Some subjects are so grim that, when it comes to fiction, they're most effectively approached through comedy and adventure. Mark Twain knew this, and made his strongest anti-slavery work a picaresque yarn told in the irresistibly American voice of an uneducated boy. James McBride follows suit in his hugely enjoyable African-American variation on "The Adventures of Huckleberry Finn," "The Good Lord Bird." McBride's novel is on the short list for this year's National Book Award, and deservedly so.
If I knew the minute I started it that "The Good Lord Bird" was my kind of book, I was less sure of Michael Boatman's reading. Best known as the narrator of James Patterson's Alex Cross novels, Boatman chooses a slightly high-pitched, twangy, front-porch raconteur voice for the book's first-person narrator. (The conceit is that the novel consists of the journals of Henry Shackleford, discovered in a burnt-out church basement.) Recall Sen. R. Clayton 'Clay' Davis, Isiah Whitlock Jr.'s character from "The Wire," with his recurrent exclamation of "sheeeeit!" and you'll have a sense.
As soon as Boatman got past the framing preamble and started in on Henry's voice, I reached for the volume button on my earbuds and turned it down. I contemplated bailing on the audiobook in favor of the print version then and there, but decided to stick it out. And I'm glad I did. Henry -- whose enslaved father is accidentally killed in a barroom altercation involving the radical abolitionist John Brown and whom Brown then whisks away to "freedom" -- is only nine when the novel begins, an undersized, obstreperous, balky, occasionally whiny child, as selfish and shortsighted as kids tend to be. But just as Twain's novel follows the moral awakening of Huck, McBride is taking Henry on a related journey, and Boatman's voice grows up along with the character.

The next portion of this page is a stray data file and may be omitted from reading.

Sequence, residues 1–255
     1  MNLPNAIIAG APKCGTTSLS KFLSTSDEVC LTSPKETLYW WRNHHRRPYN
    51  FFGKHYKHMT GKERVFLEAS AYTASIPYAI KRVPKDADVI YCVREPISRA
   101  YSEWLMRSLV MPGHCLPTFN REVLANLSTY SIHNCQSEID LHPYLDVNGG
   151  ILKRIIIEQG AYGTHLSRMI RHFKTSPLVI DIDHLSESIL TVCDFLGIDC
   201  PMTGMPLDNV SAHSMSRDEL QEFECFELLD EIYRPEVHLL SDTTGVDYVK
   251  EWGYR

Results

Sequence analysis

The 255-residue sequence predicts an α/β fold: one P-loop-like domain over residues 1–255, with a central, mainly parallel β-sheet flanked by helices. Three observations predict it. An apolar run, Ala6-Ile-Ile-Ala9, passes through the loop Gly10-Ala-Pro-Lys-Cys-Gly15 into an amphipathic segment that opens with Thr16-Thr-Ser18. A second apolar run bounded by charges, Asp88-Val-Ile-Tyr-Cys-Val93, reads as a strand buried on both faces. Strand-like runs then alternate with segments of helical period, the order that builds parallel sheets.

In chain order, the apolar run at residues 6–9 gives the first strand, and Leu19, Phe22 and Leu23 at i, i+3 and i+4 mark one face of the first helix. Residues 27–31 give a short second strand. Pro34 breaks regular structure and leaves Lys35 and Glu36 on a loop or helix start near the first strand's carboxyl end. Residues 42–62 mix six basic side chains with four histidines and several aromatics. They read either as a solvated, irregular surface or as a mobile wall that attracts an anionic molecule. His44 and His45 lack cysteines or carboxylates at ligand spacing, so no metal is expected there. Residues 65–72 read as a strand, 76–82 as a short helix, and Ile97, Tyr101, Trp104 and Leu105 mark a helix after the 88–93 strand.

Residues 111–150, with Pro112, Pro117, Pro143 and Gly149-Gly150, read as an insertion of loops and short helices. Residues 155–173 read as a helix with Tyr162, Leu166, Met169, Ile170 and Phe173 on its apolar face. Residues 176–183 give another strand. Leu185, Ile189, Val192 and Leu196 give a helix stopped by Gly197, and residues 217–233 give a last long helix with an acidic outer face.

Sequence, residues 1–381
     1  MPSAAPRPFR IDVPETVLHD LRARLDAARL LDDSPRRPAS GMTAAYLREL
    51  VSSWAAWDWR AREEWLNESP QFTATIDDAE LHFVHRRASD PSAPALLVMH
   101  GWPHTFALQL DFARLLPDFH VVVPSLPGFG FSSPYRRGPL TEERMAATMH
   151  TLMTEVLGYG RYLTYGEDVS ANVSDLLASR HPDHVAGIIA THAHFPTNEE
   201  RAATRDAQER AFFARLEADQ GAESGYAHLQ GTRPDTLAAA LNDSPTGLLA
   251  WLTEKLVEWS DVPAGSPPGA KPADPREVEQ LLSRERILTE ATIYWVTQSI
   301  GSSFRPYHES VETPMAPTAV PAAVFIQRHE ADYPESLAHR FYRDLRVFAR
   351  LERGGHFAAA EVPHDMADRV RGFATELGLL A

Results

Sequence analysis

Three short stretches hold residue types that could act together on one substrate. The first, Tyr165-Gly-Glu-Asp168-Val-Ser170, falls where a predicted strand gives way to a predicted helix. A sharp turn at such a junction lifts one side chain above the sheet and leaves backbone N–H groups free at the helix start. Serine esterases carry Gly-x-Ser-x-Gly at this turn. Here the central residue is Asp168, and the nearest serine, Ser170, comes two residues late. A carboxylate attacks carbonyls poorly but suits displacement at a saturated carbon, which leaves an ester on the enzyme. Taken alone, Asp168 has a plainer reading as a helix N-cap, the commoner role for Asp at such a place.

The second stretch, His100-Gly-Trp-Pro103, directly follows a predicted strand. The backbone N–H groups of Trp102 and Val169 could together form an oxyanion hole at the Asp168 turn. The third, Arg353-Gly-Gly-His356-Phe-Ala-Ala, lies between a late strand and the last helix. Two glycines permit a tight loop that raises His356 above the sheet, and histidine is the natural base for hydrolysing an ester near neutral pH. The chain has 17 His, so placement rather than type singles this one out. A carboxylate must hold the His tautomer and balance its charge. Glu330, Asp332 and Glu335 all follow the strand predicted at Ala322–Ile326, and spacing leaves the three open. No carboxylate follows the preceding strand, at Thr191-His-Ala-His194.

Brown mistakes Henry for a girl, and, partly out of cowardice, Henry -- who earns the nickname Onion for chomping on a particularly ripe specimen of the vegetable -- spends most of the action disguised as such, unwillingly caught up in Brown's uncompromising crusade to end "the infernal institution." If Huck has to learn to distinguish right and wrong for himself, Henry must discover the value of asserting the truth, about himself and the world around him, in the face of often frightening consequences. Like Huck, he acquires this understanding through his relationship with a man of another race -- Brown, a character Boatman performs so magnificently that he completely conquered my initial trepidation.
"The Good Lord Bird" careens through a series of often hilarious exploits and encounters. Henry, frequently a fly on history's less prepossessing walls, spends time working in a whorehouse, camping out in the woods with Brown's army, traveling north to visit Frederick Douglass (a very irreverent take on the activist) and meeting all sorts of people, from drunken "rebels" to incredibly brave, defiant slaves. It's a view of the antebellum world refreshingly free of pieties, and full of questions about the capacity of human beings to act on their sense of right and wrong, about why the world is the way it is, and what any one of us can do to make it better. It's the rare comic novel that delves so deep.
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